Friday On The Farm ~ 8/6/2021
Farm Transition to the Next Generation ~ Stephanie Shirk
Is farm ownership really in the plan for my future? To be honest, it’s been a big unknown despite many who know me assuming “yes” it would be.
Growing up on a dairy farm in Nebraska, my family went through the Midwest dairy crisis in the 80s and a time of significant farming struggles, then moving state-to-state, new school to new school, as my dad climbed the corporate ladder within the food manufacturing sector. Then raising a family alongside a career in the Pennsylvania agricultural industry for both myself and my husband Jim, was farm ownership really in the plan for our future?
Some might say “definitely” after Jim and I built a house adjacent to his parent’s farm to raise our children. But honestly, I don’t recall giving much thought to it. It wasn’t a yes or no. It wasn’t assumed a done deal just because his family has a farm. It just wasn’t thought about or talked about. To us, we just worked in the support sector of the ag industry. We weren’t “farmers”.
Even after 4+ years working for Penn State Extension, a modern educational organization dedicated to delivering science-based information to people, businesses, and communities as an outreach of Penn State’s College of Agricultural Sciences, farm ownership was not on my, or my husband Jim’s radar. Working alongside educators who provided guidance on farm business management best practices including specifics regarding farm transitions, we knew information was available if we ever got to that point. But it just wasn’t talked about.
Pennsylvania farms have a much different make-up than farms that span thousands of acres in the Midwest, not 65 acres like farms in Lancaster County. Although it can be said all farming is a lifestyle, that lifestyle is much more diverse for Pennsylvania farming than the corn and grain belt of the Midwest.
Lancaster County is known for its ag production and beautiful farmland as well as its picturesque back roads with horse-drawn carriages, dairy cows in the pasture and simpler lifestyles, or its long, narrow poultry barns supplying food manufacturers such as Tyson Foods, Sauder’s Eggs or Kreider Farms. None of which applied to Silver Valley Farm where corn, soybeans, wheat and hay were grown for nearby dairies and where the only animal agriculture included small-scale 4-H and FFA market goat, hog and steer projects for our three kids. Their projects reminded us of our connection to agriculture heritage and offered a connection to those who work to provide food for our world. It also taught them the value of dedication and hard work.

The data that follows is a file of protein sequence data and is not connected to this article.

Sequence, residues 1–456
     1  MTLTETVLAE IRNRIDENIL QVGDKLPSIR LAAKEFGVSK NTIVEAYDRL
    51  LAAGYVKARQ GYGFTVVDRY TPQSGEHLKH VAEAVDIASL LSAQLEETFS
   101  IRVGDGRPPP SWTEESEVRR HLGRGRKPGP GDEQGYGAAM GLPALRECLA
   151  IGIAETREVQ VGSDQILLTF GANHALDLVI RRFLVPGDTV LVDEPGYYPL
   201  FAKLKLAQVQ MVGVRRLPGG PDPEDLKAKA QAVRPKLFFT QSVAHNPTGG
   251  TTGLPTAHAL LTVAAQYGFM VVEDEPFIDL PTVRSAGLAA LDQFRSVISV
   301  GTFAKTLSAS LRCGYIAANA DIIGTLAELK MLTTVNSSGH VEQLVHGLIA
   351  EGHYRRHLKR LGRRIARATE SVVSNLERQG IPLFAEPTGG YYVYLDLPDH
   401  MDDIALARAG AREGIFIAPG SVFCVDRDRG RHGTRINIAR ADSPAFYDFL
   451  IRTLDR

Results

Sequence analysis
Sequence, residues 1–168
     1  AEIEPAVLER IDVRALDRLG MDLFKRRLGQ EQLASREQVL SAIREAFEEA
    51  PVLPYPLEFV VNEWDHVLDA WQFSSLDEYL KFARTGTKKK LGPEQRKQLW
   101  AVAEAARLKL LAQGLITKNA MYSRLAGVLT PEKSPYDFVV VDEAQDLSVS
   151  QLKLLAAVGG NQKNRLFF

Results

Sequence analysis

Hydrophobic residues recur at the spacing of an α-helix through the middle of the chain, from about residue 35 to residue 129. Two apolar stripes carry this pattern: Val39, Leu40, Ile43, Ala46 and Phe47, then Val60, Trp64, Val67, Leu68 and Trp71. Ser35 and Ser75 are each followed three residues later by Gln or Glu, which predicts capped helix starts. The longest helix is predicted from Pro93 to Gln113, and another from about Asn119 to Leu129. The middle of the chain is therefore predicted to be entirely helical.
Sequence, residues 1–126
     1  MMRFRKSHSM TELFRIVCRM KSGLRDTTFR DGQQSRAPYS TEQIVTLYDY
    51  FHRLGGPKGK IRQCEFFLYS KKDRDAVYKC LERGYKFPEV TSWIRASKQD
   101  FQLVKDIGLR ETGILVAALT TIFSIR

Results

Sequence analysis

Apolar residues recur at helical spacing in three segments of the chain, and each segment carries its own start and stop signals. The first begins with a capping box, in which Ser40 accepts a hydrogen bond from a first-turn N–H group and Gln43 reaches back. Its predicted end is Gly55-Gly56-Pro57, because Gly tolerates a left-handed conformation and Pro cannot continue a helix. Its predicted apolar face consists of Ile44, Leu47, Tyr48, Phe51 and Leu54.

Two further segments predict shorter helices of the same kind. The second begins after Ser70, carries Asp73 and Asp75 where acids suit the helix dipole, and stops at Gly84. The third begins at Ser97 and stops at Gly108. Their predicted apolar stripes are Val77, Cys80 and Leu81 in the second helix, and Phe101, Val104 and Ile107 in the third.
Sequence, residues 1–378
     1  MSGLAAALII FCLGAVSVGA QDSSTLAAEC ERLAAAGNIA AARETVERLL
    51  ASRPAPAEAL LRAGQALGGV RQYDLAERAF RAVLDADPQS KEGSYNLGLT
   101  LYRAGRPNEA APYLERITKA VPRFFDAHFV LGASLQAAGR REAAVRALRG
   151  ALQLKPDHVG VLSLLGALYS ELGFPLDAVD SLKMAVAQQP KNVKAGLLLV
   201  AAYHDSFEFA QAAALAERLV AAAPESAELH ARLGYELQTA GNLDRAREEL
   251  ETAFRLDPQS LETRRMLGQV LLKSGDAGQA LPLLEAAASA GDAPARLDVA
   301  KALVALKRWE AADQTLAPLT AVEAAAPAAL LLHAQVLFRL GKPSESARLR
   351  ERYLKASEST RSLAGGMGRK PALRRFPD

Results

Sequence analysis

The Covid-19 pandemic and the disruption of the food supply chain caught the attention of consumers. Increasingly people want to know where their food is coming from and this desire skyrocketed in strength during spring 2020.
It also caught our attention! Jim’s mom has stated for years, “You get out of the farm what you put into it.” Then, Jim’s parents tested positive for Covid-19 in December. Luckily, their symptoms were mild. The questions for the future if they hadn’t been so lucky weren’t so clear anymore. What happens if Jim’s dad can’t put effort into the farm in the future? What then? Silver Valley Farm was recognized as a bicentennial farm in December 2003. Did Jim and I want that tradition to cease with the 9th generation?
All the sudden that answer was clear and the farm transition journey began in earnest. After eight months of discussions with family, trusted friends and numerous colleagues in the ag accounting, lending and legal sectors we are excited and nervous to begin our journey as official Lancaster County “farmers” with all the risk and hopefully reward that come with the occupation. The steep learning curve regarding farm taxes, business structure, insurance considerations, and most importantly heartfelt family conversations required a leap of faith and trust. The reality is we started this farm transition conversation at least 10 years later than advised.
The next generation of farming for us includes traditional crop farming, potentially growing our son Luke’s Black Angus freezer beef business and potentially agritourism. With the consumer demand to enjoy an experience in conjunction with local food and beverages, many ideas are swirling. We look forward to connecting with our agribusiness partners along with new and beginner farmer resources to determine business viability.
So is farm ownership for us? We’ll find out. Last week we purchased the farm from Jim’s parents. We believe the importance of family farms to our communities is too great for us not to take on the risk and responsibility to keep the vocation of farming alive for the 10th generation of Silver Valley Farm.
Stephanie Shirk is Penn State Extension’s Client Relationship Manager (CRM) for Area 9, which includes Berks, Chester, Delaware, Lancaster, Lebanon and Schuylkill counties. She has worked for over 15 years as a communications consultant and non-profit organization manager for a diverse range of organizations, including New Holland Agriculture, Fritz & Associates and The Pennsylvania FFA Foundation.